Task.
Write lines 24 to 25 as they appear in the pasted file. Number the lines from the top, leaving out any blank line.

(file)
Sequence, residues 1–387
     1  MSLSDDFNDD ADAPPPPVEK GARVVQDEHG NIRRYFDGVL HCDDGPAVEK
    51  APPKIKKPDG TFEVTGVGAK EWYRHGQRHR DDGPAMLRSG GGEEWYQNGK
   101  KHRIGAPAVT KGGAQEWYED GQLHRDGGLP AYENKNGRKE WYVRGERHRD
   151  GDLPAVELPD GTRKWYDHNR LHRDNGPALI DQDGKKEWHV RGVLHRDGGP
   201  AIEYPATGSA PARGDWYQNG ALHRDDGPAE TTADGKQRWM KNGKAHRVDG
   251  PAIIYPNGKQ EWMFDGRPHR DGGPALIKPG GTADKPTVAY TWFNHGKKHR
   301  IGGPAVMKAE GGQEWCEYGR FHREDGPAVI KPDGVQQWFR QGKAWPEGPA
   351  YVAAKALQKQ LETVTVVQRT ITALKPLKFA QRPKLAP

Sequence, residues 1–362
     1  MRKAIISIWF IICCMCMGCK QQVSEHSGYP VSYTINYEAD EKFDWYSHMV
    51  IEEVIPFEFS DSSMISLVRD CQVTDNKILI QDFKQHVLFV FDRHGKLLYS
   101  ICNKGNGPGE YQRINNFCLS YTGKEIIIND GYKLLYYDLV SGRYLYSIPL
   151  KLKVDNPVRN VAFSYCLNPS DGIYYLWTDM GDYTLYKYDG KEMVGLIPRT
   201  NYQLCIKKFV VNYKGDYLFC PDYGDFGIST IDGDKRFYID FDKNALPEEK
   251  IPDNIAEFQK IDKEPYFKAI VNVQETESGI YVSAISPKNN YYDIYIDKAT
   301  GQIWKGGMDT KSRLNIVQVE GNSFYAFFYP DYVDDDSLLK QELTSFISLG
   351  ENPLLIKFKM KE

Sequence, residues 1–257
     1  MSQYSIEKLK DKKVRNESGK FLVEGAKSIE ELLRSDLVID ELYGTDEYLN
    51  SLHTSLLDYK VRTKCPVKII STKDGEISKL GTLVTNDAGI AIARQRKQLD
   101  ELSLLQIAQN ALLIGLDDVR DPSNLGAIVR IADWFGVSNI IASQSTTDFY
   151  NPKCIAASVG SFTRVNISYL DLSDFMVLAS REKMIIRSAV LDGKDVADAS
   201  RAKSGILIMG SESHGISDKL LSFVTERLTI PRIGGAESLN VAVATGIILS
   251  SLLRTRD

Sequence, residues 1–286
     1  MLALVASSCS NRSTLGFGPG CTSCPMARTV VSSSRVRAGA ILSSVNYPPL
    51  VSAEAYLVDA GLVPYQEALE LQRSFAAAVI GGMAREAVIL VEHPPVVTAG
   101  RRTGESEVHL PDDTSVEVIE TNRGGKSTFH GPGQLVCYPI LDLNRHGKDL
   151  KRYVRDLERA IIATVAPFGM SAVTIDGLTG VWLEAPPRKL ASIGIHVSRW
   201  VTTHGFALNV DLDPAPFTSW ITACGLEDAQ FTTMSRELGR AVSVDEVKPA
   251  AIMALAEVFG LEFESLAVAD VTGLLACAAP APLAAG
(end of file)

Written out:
   201  RAKSGILIMG SESHGISDKL LSFVTERLTI PRIGGAESLN VAVATGIILS
   251  SLLRTRD